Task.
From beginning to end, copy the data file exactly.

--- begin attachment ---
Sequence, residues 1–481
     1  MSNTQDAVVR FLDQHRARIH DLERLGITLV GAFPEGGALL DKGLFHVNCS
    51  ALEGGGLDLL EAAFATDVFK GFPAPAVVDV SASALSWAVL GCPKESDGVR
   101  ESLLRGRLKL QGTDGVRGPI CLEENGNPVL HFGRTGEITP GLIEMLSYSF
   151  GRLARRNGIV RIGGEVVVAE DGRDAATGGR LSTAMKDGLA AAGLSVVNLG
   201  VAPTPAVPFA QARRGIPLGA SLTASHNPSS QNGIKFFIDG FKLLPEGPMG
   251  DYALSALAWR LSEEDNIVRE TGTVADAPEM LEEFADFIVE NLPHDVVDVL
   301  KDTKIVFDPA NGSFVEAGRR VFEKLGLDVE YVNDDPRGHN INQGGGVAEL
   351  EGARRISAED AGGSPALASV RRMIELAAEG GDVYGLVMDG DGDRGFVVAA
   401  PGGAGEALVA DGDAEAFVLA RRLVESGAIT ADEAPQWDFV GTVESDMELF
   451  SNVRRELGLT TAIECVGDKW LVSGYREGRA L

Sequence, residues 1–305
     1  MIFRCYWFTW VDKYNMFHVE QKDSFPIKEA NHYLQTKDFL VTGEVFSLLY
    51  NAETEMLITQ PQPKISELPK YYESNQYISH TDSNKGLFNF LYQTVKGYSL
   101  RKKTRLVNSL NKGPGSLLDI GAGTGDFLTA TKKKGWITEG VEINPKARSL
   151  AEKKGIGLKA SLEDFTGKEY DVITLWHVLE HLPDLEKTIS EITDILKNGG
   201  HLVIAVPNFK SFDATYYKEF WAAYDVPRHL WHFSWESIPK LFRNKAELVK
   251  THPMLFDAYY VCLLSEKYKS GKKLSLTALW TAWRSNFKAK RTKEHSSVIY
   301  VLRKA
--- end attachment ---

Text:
Sequence, residues 1–481
     1  MSNTQDAVVR FLDQHRARIH DLERLGITLV GAFPEGGALL DKGLFHVNCS
    51  ALEGGGLDLL EAAFATDVFK GFPAPAVVDV SASALSWAVL GCPKESDGVR
   101  ESLLRGRLKL QGTDGVRGPI CLEENGNPVL HFGRTGEITP GLIEMLSYSF
   151  GRLARRNGIV RIGGEVVVAE DGRDAATGGR LSTAMKDGLA AAGLSVVNLG
   201  VAPTPAVPFA QARRGIPLGA SLTASHNPSS QNGIKFFIDG FKLLPEGPMG
   251  DYALSALAWR LSEEDNIVRE TGTVADAPEM LEEFADFIVE NLPHDVVDVL
   301  KDTKIVFDPA NGSFVEAGRR VFEKLGLDVE YVNDDPRGHN INQGGGVAEL
   351  EGARRISAED AGGSPALASV RRMIELAAEG GDVYGLVMDG DGDRGFVVAA
   401  PGGAGEALVA DGDAEAFVLA RRLVESGAIT ADEAPQWDFV GTVESDMELF
   451  SNVRRELGLT TAIECVGDKW LVSGYREGRA L

Sequence, residues 1–305
     1  MIFRCYWFTW VDKYNMFHVE QKDSFPIKEA NHYLQTKDFL VTGEVFSLLY
    51  NAETEMLITQ PQPKISELPK YYESNQYISH TDSNKGLFNF LYQTVKGYSL
   101  RKKTRLVNSL NKGPGSLLDI GAGTGDFLTA TKKKGWITEG VEINPKARSL
   151  AEKKGIGLKA SLEDFTGKEY DVITLWHVLE HLPDLEKTIS EITDILKNGG
   201  HLVIAVPNFK SFDATYYKEF WAAYDVPRHL WHFSWESIPK LFRNKAELVK
   251  THPMLFDAYY VCLLSEKYKS GKKLSLTALW TAWRSNFKAK RTKEHSSVIY
   301  VLRKA